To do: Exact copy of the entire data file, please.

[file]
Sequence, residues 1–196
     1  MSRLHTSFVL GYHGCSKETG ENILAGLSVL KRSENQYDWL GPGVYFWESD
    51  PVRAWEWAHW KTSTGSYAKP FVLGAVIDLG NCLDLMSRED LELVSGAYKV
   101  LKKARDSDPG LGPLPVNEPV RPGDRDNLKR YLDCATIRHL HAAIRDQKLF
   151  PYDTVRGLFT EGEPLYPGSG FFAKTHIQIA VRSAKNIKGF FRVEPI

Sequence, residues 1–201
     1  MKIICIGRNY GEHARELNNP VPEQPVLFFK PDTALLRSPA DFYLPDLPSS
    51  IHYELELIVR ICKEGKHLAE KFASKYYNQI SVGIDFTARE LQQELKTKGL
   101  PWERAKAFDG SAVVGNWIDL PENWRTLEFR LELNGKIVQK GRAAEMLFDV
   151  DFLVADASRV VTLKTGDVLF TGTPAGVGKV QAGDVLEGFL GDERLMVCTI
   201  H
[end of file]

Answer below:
Sequence, residues 1–196
     1  MSRLHTSFVL GYHGCSKETG ENILAGLSVL KRSENQYDWL GPGVYFWESD
    51  PVRAWEWAHW KTSTGSYAKP FVLGAVIDLG NCLDLMSRED LELVSGAYKV
   101  LKKARDSDPG LGPLPVNEPV RPGDRDNLKR YLDCATIRHL HAAIRDQKLF
   151  PYDTVRGLFT EGEPLYPGSG FFAKTHIQIA VRSAKNIKGF FRVEPI

Sequence, residues 1–201
     1  MKIICIGRNY GEHARELNNP VPEQPVLFFK PDTALLRSPA DFYLPDLPSS
    51  IHYELELIVR ICKEGKHLAE KFASKYYNQI SVGIDFTARE LQQELKTKGL
   101  PWERAKAFDG SAVVGNWIDL PENWRTLEFR LELNGKIVQK GRAAEMLFDV
   151  DFLVADASRV VTLKTGDVLF TGTPAGVGKV QAGDVLEGFL GDERLMVCTI
   201  H